How a stager brightened and decluttered a small Liberty Village condo
Address: 100 Western Battery Road
Listed for: $418,000
Sold for: $412,000
This 755-square-foot Liberty Village condo is part of a three-building development near King and Strachan. The seller and his fiancée, both 30-somethings with white-collar jobs, were looking to upsize, and wanted to move this property ASAP. When the unit went on sale last year, the market wasn’t quite as blazing hot as it is right now, and the place didn’t go over asking. Even so, it was snapped up within two days.
Dayna Kenney started staging professionally three years ago, after 10 years in marketing. Her company, Taylor Kenney, is a team of three that works all over the GTA. “I get inspired by even small pieces of furniture,” she says. “I fall in love with that piece and the design evolves from there.”
The two biggest issues, Kenney says, were the condo’s bowling-lane layout and the lack of cohesion between its rooms. Her team did its best to adapt to the former, and they solved the latter by crafting a consistent look using furniture and accessories—and also by painting the entire condo (which initially had two dark-coloured feature walls) with a fresh, uniform coat of white.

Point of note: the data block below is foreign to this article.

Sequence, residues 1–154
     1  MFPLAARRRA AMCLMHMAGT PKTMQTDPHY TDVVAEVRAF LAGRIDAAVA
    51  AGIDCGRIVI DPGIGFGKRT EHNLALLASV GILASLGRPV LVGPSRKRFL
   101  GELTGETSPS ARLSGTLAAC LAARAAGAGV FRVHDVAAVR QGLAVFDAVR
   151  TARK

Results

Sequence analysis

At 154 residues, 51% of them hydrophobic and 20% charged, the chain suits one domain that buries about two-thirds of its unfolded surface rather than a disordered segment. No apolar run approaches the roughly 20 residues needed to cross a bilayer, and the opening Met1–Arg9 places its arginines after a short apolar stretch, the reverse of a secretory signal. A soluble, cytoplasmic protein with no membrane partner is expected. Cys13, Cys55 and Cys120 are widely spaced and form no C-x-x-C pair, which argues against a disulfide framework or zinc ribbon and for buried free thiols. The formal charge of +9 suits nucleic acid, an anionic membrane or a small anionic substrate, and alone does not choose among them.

Kenney turned the living room into a dining space. “The couch was right beside the fridge,” she says. “We wanted to make it feel like a kitchen.” She brought in a small circular table and some lighter, less bulky chairs. She got the lamp from Union Lighting, and bought the gold-dipped bulb at HomeSense. The final touch: throwing up the blinds to show off the view and let some light in.
She brought in a sleeker, “condo-sized” couch to replace the previous one, and added a coffee table and area rug to define the living space and add some warmth. Then she replaced an art piece with a mirror, to reflect light pouring in from the floor-to-ceiling windows, and switched out the heavy clock (“It didn’t even work,” Kenney says) for a small print. Some new couch pillows, selected from West Elm and Homesense, added colour.
The dark headboard and side tables are balanced out with pops of lighter colours in the bedding. The framed art piece above the bed came courtesy of Toronto-based photographer James Brylowski.
Kenney left this room largely untouched. The seller, a music lover, didn’t want his guitars stored—which was fine, because the goal was to sell to a younger buyer, anyway. A little bit of cleaning and decluttering, and a fresh coat of paint, improved the look of the space. Kenney added a floor lamp beside the futon, to match the table lamp.